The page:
Sep 11, 2018, 06:29AM

The Battle to Preserve the Best-Of-Five-Set Format In Tennis

Its detractors have a hidden agenda related to money.

French open defending champion rafael nadal 968297.jpg?ixlib=rails 2.1

Young Austrian star Dominic Thiem bageled defending champion Rafael Nadal in the first set of a quarter-final battle last week at the U.S. Open that ended up going all the way to a tiebreaker in the fifth set. The match lasted four hours and 49 minutes, concluding at around two a.m. That’s pretty late to stay up for a sporting event, but it was worth it because it was one of the greatest I’ve ever seen. Nadal recovered nicely after his first set shellacking, winning sets two and three, and then dropped the fourth to give fans one of the biggest treats in the game—a fifth set decider. The level of tennis on display was so spectacular that that neither player deserved to lose.

When Nadal finally won, I reflected on a small but strident bunch of tennis insiders who’d like deprive connoisseurs of the five-set match. While the best-of five-sets was the standard format the men’s game for many years, things have changed and now it’s only used in the four Grand Slam tournaments each year—the Australian Open, the French Open, Wimbledon, and the US Open—which seems a fitting way to carry on a tradition in the sport. If you want one of those titles, you’re going to have to win the old-fashioned way.

But the naysayers, who have little appreciation of tennis history, won’t be satisfied until the five-setter’s buried completely. For various reasons, some of which they’re disingenuous about, these heretics are insisting that every pro men’s tennis match be decided in the best-of-three format, just like in women’s tennis. A full-blown tennis controversy’s broken out—it’s the traditionalists versus the “progressives,” and it’s far from friendly. This one’s reminiscent of the Colin Kaepernick national anthem brouhaha in the NFL—bad blood on both sides.

The would-be tennis tinkerers point to injuries connected to five-set matches, and say they run so late that the kids can’t stay up late enough to watch them, but only two of the four major tournaments in question hold night matches. It’s true that even many adults couldn’t stay up until Nadal barely slipped past Thiem, but the U.S. Open officials could easily fix that situation by scheduling matches earlier, if that was a concern of theirs. Anyway, beware of anyone bringing “What about the kids?” into an argument—they’re not to be trusted.

There’s no serious injury trend that can be pinpointed to five-setters. Roger Federer has played every Slam tourney since 2000, Novak Djokovic’s streak dates back to 2005, and Andy Murray has missed one major since 2008. Rafael Nadal has missed five of the last 45 majors, but that’s mainly a factor of a physical style of play that’s so hard on his body.

Tennis legend Billie Jean King’s a vocal opponent of the five-set format, claiming that she wants to see quality over quantity, as if the two are mutually exclusive. I assume she’s not referring to Nadal’s five-set 2008 victory at Wimbledon over Roger Federer that’s generally considered the greatest tennis match ever played. Fans want more tennis, not less, especially at the Grand Slams, which is why you often see them cheering the player who’s fallen behind. The holder of 12 Grand slam singles titles and founder of the WTA also said, “All the women are willing to play three or five sets,” but that’s not really the case and that’s not what she’s pushing for.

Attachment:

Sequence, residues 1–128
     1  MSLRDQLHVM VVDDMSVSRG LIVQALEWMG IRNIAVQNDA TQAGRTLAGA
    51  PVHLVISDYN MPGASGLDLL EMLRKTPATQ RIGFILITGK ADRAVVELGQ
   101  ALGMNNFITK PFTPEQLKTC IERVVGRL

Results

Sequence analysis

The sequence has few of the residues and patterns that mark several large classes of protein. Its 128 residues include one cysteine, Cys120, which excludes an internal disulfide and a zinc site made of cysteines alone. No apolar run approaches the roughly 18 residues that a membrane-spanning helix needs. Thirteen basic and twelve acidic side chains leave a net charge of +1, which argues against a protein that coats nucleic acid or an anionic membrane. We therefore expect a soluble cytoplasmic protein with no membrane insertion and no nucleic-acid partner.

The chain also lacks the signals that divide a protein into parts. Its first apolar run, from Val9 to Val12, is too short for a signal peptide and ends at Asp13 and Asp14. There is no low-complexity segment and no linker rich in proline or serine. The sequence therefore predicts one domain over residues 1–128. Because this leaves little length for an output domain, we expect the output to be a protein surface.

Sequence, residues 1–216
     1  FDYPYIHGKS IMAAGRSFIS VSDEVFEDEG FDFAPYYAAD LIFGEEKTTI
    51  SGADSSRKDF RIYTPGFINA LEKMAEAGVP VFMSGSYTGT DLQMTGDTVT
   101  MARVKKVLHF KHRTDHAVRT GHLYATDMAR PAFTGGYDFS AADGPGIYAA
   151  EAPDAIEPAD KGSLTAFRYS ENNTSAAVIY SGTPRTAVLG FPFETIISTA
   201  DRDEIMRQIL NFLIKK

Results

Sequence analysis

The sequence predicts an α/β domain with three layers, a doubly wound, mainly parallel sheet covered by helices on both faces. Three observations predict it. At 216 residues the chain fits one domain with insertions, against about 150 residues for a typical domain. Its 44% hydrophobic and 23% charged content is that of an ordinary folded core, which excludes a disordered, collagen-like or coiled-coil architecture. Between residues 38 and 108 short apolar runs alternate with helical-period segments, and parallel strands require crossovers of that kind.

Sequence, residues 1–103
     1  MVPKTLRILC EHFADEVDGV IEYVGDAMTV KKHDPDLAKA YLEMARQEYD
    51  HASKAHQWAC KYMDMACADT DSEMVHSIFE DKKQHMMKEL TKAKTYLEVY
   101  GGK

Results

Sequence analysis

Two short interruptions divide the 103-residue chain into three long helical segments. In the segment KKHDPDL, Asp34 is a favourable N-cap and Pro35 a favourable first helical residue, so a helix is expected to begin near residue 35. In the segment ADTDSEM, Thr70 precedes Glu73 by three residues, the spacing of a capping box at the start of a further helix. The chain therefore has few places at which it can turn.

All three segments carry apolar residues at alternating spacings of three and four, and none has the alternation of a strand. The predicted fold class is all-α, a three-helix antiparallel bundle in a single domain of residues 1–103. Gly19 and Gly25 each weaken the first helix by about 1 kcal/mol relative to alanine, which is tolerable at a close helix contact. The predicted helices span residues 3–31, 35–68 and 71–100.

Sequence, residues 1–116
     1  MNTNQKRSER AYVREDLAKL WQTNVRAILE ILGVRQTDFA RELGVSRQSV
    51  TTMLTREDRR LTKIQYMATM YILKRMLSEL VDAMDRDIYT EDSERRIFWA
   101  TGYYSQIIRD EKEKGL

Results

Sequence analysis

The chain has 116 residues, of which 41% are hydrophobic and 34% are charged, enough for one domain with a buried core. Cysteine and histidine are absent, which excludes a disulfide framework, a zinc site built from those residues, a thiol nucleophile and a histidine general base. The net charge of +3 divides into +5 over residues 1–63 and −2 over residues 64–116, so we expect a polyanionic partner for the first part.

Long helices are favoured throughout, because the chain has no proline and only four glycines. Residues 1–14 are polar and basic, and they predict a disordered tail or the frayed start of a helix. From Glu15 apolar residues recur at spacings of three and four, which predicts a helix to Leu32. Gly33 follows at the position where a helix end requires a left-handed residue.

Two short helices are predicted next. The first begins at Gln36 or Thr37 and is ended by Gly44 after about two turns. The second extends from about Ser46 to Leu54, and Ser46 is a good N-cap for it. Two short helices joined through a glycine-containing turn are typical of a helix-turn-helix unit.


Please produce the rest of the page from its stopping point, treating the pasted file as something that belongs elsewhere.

You can get to the bottom of this one in the usual way—follow the money. Since 2007, men and women players are paid the same at Grand Slams and some other tournaments, which is more a matter of politics than a reflection of the marketplace. When women play in women-only events, they’re paid significantly less than men in similar sized men-only tournaments because they generate smaller audiences and less revenue.

Women are the financial beneficiaries of the combined tournaments (men and women) because they’ve lobbied successfully for “fairness” in pay, even though attendance at men’s matches is significantly higher. But as their advocates push for equal wages with men for every tournament—not just the Grand Slams—they’re constantly reminded that men have to work harder for their money. Compare Rafael Nadal’s yeoman’s effort to reach the semi-finals to female player Naomi Osaka’s breezy 6-1, 6-1, 58-minute quarter-final win over Lesia Tsurenko, who won $475,000 for barely breaking a sweat, the same amount Nadal won.

The strategic response is push for limiting the men to three-set matches under the pretense of that you want this because it would improve tennis quality, reduce injuries, and solve the late-night issue. Both sexes doing the same job would eliminate one of the major arguments for paying men more. Billie Jean King said, "Personally, I don't want the men playing five sets anymore. I think it takes too much out of them.” It’s odd that someone who focuses almost exclusively on the women’s game is suddenly concerned with the male players’ health, and that she feels it’s appropriate to use her stature to attempt to dictate to them how to preserve it by taking something away from them.

A look at who’s attacking the five-set format tells the entire story. King’s a women’s tennis activist, whose claims can’t be taken at face value. Deadspin, a woke media outlet, ran an article saying that people clinging to the five-setter are “weenies.” Then there’s The New York Times’ tabloid-style tennis writer, Ben Rothenberg—who once stoked a Twitter mob against former ESPN announcer Doug Adler by falsely implying he’d made a racist statement—who tweeted that men like the best-of-five format “because of an antiquated format they cling to to prove how manly they are.”


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